Labor wants 50% of Australia’s electricity to come from renewables by 2030 - but what about other climate policies? Lawrence Murray/Flickr, CC BY

Labor embraces renewables at the cost of good climate policy

At this weekend’s ALP National Conference, Bill Shorten is likely to propose a target of 50% renewable electricity by 2030 as Labor’s central climate change policy.

This proposal demonstrates in spades how poisonous climate change politics has trumped good policy. As with taxation, neither main party seems prepared to develop an effective and efficient climate change policy and make a case for it in a way the electorate will embrace.

From emissions trading to the carbon tax

For a brief golden moment around 2008 we had the prospect that a firm cap on emissions would drive an economically efficient carbon price – an emissions trading scheme – with bipartisan support.

And, for the majority of economists and policy architects this represented the preferred policy approach to effectively address climate change at lowest cost.

As this carbon price steadily increased, the need for a Renewable Energy Target, also a policy with bipartisan support, would simply fall away as the carbon price did all the lifting to reduce emissions.

Alas, the fixed carbon price that was finally introduced in 2012 was not economically efficient as a falling European price meant it looked unreasonably high at its fixed level of A$23 per tonne.

It was removed in 2014, leaving the RET as “the central policy instrument for reducing electricity sector emissions,” to quote the Climate Change Authority.

Yet the Authority also noted the RET was not the best approach to reducing emissions in the electricity sector.

Economic modelling for the Warburton Review of the RET also concluded that “whilst the policy is somewhat effective in the abatement of emissions, it is at high cost compared to current global pricing and is therefore not the most efficient means of emissions abatement”.

Renewables over carbon pricing

Yet the Labor Party seems prepared to embrace renewable energy as the central plank of the climate change platform it will take to the next election and into government if it wins. It is a brave move, given the inevitable accusations of high cost this approach will attract.

Bill Shorten and Mark Butler have committed to an emissions cap to meet Australia’s post-2020 target for emissions reductions.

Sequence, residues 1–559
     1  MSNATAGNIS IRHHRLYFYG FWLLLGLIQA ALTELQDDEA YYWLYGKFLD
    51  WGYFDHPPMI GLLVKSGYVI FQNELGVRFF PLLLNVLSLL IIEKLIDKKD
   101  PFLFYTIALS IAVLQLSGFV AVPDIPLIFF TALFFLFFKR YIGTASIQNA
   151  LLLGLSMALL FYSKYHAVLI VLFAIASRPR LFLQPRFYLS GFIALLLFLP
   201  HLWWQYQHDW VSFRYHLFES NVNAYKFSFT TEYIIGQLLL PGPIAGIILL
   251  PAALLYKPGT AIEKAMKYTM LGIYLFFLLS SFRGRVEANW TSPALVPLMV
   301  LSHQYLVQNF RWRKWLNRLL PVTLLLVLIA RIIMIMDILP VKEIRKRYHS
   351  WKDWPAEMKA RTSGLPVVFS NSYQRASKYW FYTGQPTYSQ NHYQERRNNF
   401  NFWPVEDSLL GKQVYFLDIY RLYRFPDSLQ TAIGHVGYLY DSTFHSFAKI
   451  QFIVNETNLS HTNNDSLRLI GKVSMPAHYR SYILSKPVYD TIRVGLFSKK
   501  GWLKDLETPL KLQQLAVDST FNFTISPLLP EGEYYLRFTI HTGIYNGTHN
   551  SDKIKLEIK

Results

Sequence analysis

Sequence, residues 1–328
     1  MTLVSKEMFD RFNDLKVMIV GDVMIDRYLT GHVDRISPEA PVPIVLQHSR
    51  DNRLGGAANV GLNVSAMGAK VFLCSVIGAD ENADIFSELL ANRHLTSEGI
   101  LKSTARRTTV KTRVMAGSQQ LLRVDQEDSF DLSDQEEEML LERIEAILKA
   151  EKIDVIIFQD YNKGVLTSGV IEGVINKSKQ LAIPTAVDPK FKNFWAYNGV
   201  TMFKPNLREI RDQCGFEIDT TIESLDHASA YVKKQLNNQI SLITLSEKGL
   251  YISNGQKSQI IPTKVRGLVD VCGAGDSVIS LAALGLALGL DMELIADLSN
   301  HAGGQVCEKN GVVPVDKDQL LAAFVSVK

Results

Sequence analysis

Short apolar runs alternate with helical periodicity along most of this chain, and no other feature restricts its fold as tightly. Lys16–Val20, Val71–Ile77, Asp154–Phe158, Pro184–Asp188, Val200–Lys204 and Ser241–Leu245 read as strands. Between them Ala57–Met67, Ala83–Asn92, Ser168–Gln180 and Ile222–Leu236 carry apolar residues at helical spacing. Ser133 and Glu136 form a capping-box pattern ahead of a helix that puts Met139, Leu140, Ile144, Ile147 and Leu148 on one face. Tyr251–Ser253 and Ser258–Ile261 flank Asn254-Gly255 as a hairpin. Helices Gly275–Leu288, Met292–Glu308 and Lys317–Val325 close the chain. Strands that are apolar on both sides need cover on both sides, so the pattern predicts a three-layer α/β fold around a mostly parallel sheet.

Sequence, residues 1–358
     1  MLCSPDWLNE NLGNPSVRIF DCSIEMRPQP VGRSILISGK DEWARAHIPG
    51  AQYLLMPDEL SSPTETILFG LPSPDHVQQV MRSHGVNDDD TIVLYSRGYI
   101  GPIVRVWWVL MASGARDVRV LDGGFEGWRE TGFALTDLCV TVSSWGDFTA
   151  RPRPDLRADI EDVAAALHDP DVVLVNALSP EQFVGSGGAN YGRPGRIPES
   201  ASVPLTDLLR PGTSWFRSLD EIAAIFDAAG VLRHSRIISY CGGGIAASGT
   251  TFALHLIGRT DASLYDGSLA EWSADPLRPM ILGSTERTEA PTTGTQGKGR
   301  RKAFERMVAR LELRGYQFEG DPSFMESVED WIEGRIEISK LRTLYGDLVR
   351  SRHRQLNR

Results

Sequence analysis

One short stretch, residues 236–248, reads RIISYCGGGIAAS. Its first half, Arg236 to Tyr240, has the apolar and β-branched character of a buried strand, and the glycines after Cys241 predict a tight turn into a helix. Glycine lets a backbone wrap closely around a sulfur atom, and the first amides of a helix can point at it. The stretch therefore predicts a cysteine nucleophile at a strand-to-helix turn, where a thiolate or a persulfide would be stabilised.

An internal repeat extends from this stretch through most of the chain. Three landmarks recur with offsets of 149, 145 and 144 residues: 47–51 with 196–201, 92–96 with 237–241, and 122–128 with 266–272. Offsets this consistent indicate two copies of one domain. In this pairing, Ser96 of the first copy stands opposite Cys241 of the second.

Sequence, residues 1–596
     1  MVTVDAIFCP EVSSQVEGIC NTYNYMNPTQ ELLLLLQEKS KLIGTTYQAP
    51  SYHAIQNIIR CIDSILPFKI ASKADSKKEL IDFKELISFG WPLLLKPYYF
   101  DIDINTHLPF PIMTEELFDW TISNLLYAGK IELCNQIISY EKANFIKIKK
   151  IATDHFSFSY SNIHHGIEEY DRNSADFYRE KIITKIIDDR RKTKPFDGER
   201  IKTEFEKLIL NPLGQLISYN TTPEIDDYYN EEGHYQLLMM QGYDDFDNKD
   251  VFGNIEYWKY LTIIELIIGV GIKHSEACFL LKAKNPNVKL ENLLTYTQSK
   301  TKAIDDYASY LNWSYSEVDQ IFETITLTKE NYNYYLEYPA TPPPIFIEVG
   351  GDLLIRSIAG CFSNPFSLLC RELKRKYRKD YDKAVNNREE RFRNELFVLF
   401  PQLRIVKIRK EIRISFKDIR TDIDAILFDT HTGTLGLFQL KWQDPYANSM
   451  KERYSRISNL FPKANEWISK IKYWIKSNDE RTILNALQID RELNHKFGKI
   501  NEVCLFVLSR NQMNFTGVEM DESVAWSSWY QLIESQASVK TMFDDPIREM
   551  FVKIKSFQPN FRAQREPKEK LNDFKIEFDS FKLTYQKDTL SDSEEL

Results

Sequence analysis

In an ideal policy world, a market mechanism such as emissions trading would be used to meet the target, and renewable energy would play whatever role was economically efficient to meet the cap at lowest cost.

Yet Labor seems unprepared, at least for now, to advocate such a lowest-cost policy to turn the cap into a carbon price. The scorning response last week from some media outlets and the government to a leaked Labor Part policy option paper indicates why Labor is being so circumspect.

Labor must now put together a comprehensive climate policy framework that can deliver Australia’s fair share of a global emissions target, provide a credible and predictable direction for investors, and survive the political barrage that the government will no doubt unleash against it.

This will likely involve a series of carefully crafted individual elements stitched together into an ugly, albeit comforting, patchwork policy quilt. Although not the ideal policy mix, it may yet turn out to be politically astute. Labor’s assessment of political reality seems to be that it has no other option.

No solutions on the other side either

Of course, the government remains bereft of a policy to achieve these same objectives. Direct Action, with its Emissions Reduction Fund and Safeguard Mechanism, is designed to help meet the government’s target of a 5% reduction in emissions against 2000 levels by 2020. The government is expected to announce its post-2020 target in August.

This target is likely to be for 2025 or 2030 and will require a lift in aspiration. Indeed, the Prime Minister pledged that Australia will “take a strong and credible position” to December’s United Nations climate negotiations in Paris.

Yet the current policy is not fit for that purpose and will require replacement or substantial re-engineering to make it so. The government has spent more time defining what its policy will not be than the alternative. That flexibility is about to expire as a credible domestic policy will be required to achieve the announced target.

Many political pundits and advocates for vested interests on both sides will welcome a genuine debate over alternative climate change policies in the lead-up to the next election. Let the battle and blood-letting continue.

Yet investors in the energy sector and those concerned about the urgency with which climate change must be addressed will mourn the passing of one more opportunity to forge a genuine consensus on how to address a problem that will hurt all Australians as well as our global sisters and brothers.

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